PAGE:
Over the last few weeks I’ve been making an effort to get to know people in my local business community. In the midst of handshakes, intros, and smiling faces, I noticed a new feeling. Confidence. To my surprise (and delight) I felt secure in myself and my abilities. I wasn’t looking for anyone else’s approval. I was only interested in the experience of connecting in a genuine way with those around me. It felt amazing! Confidence was an energetic boost, a silent, perpetual chorus of “I got this” running in the background of my mind.
I noticed this sensation all the more acutely because the feeling of confidence has not been my constant companion. The graph of my confidence over time looks like a medium sized peak in grade school, a sudden and precipitous drop into a valley that spanned college and my early years in the work force, and then a slow rise to a mountain sized peak in present day. In the middle section, when I lacked confidence, I was more timid and worried. I wondered if I was making a good impression. The most devastating part of feeling less confident was that I felt ill prepared to take on new challenges. I questioned and significantly underestimated my capabilities.
I’ve learned that confidence is a perishable good. Our sense of our abilities depends less on what they truly are and more on whether we’ve tested them lately.
In high school I felt confident because I faced (and met) the challenges of a rigorous academic environment and intense daily swim practices. In college and my early years in the workforce, I lacked comparable tests. I was bored. Mundane work tasks and once a week ultimate frisbee games were easy to accomplish. The choices I made didn’t push me anywhere near my limits. My sense of my ability to do hard things correspondingly crashed.
In recent years the opposite has been true. I’ve built a successful business from the ground up. (Wow- talk about hard!) Not only that, I’ve taken thousands of steps that have pushed my comfort zone, both in my professional and personal life. My days are regularly filled with healthy challenges that I’ve been able to meet again and again. (For example, on the agenda for today is writing this newsletter, a tough workout, figuring out a couple ways to serve my clients better, and managing the women’s group that I run.) Voila. Facing and meeting challenges = confidence.
Here are three things to keep in mind to get your confidence out of the toilet.
Find an attractive challenge that has some meaning to you.
The challenge you pick does not need to be perfect, but it’s best if it is somewhat related to who you are, what your dreams are, and the mark you want to have on the world. There are tons of challenges in the world. Find one that will hold your interest.
For example, years ago I decided to improve my Spanish, so I signed up for lessons. However, I didn’t have any compelling reason for taking on this challenge. I didn’t work at it, and I didn’t improve much. For someone else learning a language might be a perfect challenge. For me, it was not.
Set achievable goals and achieve them.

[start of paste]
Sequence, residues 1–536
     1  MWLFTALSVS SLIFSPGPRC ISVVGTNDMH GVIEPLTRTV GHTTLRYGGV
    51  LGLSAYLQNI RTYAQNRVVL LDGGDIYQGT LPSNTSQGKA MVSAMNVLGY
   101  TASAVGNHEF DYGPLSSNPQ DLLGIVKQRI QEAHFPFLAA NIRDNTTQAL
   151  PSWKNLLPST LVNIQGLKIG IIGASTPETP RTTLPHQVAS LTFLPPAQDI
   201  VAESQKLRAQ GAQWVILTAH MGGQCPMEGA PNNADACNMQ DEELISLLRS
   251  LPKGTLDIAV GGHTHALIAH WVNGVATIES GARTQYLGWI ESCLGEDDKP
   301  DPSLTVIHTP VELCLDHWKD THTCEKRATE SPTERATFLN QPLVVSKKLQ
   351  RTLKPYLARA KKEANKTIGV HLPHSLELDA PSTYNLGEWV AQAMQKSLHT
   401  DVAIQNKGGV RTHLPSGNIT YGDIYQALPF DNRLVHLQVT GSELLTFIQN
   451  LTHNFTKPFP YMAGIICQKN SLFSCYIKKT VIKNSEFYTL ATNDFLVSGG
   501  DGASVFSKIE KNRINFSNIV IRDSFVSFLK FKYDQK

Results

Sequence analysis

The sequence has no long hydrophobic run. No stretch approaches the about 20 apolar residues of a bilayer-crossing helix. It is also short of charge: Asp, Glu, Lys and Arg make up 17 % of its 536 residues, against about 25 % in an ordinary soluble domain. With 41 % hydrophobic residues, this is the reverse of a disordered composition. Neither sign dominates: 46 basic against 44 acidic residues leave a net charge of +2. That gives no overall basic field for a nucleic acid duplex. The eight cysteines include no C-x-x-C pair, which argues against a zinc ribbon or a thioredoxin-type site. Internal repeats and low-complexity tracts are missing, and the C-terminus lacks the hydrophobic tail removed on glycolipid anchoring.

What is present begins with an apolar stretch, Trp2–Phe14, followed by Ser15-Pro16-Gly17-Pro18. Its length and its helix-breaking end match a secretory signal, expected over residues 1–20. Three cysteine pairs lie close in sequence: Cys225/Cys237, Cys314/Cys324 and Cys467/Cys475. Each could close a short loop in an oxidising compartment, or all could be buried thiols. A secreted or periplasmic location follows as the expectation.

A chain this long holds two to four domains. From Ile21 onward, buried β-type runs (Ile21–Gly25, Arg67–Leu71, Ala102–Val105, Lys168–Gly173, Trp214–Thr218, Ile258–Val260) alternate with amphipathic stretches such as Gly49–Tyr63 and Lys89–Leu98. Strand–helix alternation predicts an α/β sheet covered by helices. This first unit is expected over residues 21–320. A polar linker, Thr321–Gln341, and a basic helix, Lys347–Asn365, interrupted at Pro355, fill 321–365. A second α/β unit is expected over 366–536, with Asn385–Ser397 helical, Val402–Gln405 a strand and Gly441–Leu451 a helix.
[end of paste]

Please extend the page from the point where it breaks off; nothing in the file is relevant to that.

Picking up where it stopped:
It’s cool to have a big picture vision, but it’s equally important to find smaller, doable goals along the way. In the business owner world I frequently hear people throwing out income goals that are 10 steps ahead of where they actually are. I set my income goals beyond what I’ve achieved, but still within reach. Hitting that mark (which I consistently do) is an incredible surge. Give yourself the same gift- a goal that you can actually achieve.
(Remember to think through the supports you’d need to have in place to actually achieve your goal. For example, I find it far easier to meet the challenge of working out because I do so in a group context.)
Don’t expect confidence to appear overnight.
There’s going to be a period right out of the gate where you don’t know what you’re doing and you feel awkward. It’s pretty uncomfortable. This means you’re on the right track. Stick it out. Just keep showing up through this period, even though it doesn’t feel so great. By doing so you are setting the stage for confidence down the road. (You’re giving yourself the chance to learn and improve by doing so.)
For example, I recently received a wonderful compliment from an event organizer who noted that I presented so well that they wanted me to teach a mini-workshop on how to give presentations. On the one hand, yes I could. On the other hand, the honest truth is that once you give over 100 of the dang things you get better at them.
The world is largely indifferent to whether you are building your confidence or not. It is content to let you rest on your laurels. The drive to do more and be more needs to come from you. If you’ve been wallowing in a confidence valley, try to find something that is outside of your comfort zone, something that scares you just a bit, and get to it. The steps you take today will support you in walking into a room with confidence down the road.
What’s your current confidence level? Do you have an example of a challenge that you took on that boosted your confidence? Please share your thoughts in the comments below!